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Climate change threatens wetlands park

Update: October, 12/2011 - 08:59

Race against time: Scientists and administrators at Xuan Thuy National Park in the northern province of Nam Dinh have been developing a taller mangrove species (Sonneratia apetala) in the park's sapling garden to replace the current mangrove forest (Sonneratia ceseolaries) which has been devastated by rising sea levels. — VNS Photo Truong Vi

Race against time: Scientists and administrators at Xuan Thuy National Park in the northern province of Nam Dinh have been developing a taller mangrove species (Sonneratia apetala) in the park's sapling garden to replace the current mangrove forest (Sonneratia ceseolaries) which has been devastated by rising sea levels. — VNS Photo Truong Vi

HA NOI — Representatives of Xuan Thuy National Park and scientists from Ha Noi-based national university's centre for natural resources and environment studies (Cres) have been struggling with a pilot project aimed at growing taller, stronger mangroves in the park.

The park's current mangrove forest (Sonneratia ceseolaries) has been devastated by rising sea levels along the northern coastal province of Nam Dinh in recent years.

Experts estimate that 30ha out of 1,000ha of mangroves, as well as 10ha of casuarina trees, have withered away due to a 40cm increase in the water level over the past two years.

"The number of bird species – which formerly stood at 215 and included black-faced spoonbills, western white pelicans, black-headed gulls and redheaded egrets – has dwindled," said the park director, Nguyen Viet Cach.

"Despite our efforts, the problem has been getting worse over the last two years, and we need to start a new project that will result in larger mangroves," he said.

Scientists from Cres in co-operation with the park administration have been developing a bigger and taller mangrove species, sonneratia apetala, in the park's sapling garden since 2004.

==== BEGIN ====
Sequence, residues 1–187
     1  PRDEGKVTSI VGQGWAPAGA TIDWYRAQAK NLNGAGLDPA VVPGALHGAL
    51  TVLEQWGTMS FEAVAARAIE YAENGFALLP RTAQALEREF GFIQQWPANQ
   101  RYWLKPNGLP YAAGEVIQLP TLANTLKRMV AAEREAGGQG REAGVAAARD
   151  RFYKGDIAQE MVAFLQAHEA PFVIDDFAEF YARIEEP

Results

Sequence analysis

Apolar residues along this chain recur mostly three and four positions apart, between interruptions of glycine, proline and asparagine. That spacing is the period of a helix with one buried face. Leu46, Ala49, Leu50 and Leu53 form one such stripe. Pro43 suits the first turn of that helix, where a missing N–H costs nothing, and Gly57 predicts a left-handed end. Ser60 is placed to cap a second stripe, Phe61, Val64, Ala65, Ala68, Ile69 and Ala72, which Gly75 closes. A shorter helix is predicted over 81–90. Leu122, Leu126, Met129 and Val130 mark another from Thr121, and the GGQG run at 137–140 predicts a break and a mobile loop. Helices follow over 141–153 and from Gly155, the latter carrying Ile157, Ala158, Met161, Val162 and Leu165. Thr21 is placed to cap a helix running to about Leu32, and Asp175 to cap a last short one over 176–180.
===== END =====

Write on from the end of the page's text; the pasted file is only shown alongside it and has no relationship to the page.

The first plants have shown rapid growth even in the saltier water and colder weather that now characterises the park's environment.

"I grew the first seeds of sonneratia apetala at the sapling nursery in the park and it reached a height of 8m with big dense roots after just two years," said associate professor Phan Nguyen Hong.

"My colleagues and I have also tested exotic plants for seven years and results prove that the sonneratia apetala mangrove can protect the park from devastation caused by rising sea levels," Hong, who is former deputy director of Cres, explained.

The 79-year-old scientist, who has extensively studied wetland ecological systems, said the sonneratia apetala mangrove had grown in the southern province of Ca Mau in the past, but it died out as a consequence of Agent Orange during the American War in the early 1960s.

Researchers at the park's nursery also plant various mangrove species such as kandelia obovata, rhizophora stylosa, bruguiera gymnorrhyza and acanthus Ilicifolius, aegiceras, which have helped protect sea dike systems in the park from storms and floods since 2005.

Hong said there are 78 mangrove species in Viet Nam, which could help contribute to the restoration of the mangrove forests.

The 7,100-ha forested wetlands, about 150km south of Ha Noi, are home to a wide range of migratory waterfowl and other species. The park is a Ramsar Convention site – a wetland area recognised internationally for its ecological importance.

As a result of rising sea levels, managers of the park, which is recognised by UNESCO as a Red River Biosphere Reserve, have had to raise the height of dams and roads by between 0.5m and 1m, at a cost of VND7 billion (US$350,000) over the past two years.

The park has been seeking $6.7 million to finance an 80ha reforestation, introducing bigger mangrove species over a three to five-year period. — VNS

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